Many studies have shown that Bupleurum falcatum (BF), which is widely used in the treatment of various psychosomatic diseases in traditional Oriental medicine, is an effective therapeutic intervention for memory impairment. The purpose of this study was to examine the effect of BF on stress-induced alterations in learning and memory in rats using the Morris water maze (MWM) and elevated plus maze (EPM) behavioral tests. In addition, we examined the effects of BF treatment on the cholinergic system, as indicated by changes in neuronal choline acetyltransferase (ChAT) and acetylcholinesterase (AChE) immunoreactivity in the hippocampus. BF (150, 300, or 600 mg/kg) was administered orally 30 min before exposure to repeated immobilization (IMO) stress (4 h/d for 14 d). The BF treatment produced a significant improvement in escape latency (time required to find the platform) in the MWM, and it also produced an anxiolytic-like effect in the EPM. Consistent with the behavioral data, BF treatment significantly attenuated the IMO stress-induced loss of cholinergic immunoreactivity in the hippocampus. These findings indicate that BF has a protective effect against repeated IMO stress-induced neuronal and cognitive impairments, and they suggest that BF may be useful in the treatment of stress-induced memory impairment.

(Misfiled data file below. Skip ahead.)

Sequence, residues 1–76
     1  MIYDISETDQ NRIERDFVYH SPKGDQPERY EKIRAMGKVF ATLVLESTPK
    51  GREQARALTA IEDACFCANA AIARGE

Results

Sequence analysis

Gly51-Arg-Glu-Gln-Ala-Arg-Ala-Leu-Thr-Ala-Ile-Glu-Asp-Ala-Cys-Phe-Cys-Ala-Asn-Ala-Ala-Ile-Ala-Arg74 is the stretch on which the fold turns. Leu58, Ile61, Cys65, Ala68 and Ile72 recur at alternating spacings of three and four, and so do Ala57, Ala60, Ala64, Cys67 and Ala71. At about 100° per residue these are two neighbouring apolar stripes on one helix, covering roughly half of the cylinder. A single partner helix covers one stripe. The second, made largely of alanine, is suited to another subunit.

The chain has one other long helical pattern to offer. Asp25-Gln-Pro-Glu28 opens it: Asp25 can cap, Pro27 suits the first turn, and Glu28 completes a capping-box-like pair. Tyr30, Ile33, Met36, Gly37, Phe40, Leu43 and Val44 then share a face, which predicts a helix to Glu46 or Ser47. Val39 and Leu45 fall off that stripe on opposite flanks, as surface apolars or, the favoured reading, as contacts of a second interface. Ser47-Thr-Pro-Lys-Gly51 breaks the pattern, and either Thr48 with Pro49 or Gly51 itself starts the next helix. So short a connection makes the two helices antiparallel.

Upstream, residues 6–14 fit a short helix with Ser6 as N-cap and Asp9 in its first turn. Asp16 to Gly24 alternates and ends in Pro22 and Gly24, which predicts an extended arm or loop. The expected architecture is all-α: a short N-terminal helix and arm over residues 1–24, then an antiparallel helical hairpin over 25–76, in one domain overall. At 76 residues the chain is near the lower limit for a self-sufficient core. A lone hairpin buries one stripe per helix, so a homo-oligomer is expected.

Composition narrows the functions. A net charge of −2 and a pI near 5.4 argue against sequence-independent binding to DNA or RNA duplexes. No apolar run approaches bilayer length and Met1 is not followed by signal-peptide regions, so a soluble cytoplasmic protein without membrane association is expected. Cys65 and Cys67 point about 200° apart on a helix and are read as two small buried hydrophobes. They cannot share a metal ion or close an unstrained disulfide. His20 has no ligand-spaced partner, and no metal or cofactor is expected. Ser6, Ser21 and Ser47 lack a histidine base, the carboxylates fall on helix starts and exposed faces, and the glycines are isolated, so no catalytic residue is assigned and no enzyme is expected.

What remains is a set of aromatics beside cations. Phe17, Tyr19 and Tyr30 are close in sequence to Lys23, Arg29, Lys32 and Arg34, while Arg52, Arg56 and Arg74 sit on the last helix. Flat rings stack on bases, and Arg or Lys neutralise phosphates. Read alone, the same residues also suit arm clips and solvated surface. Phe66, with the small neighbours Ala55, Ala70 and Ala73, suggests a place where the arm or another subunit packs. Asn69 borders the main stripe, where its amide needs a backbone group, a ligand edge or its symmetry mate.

2009 The Pharmaceutical Society of Japan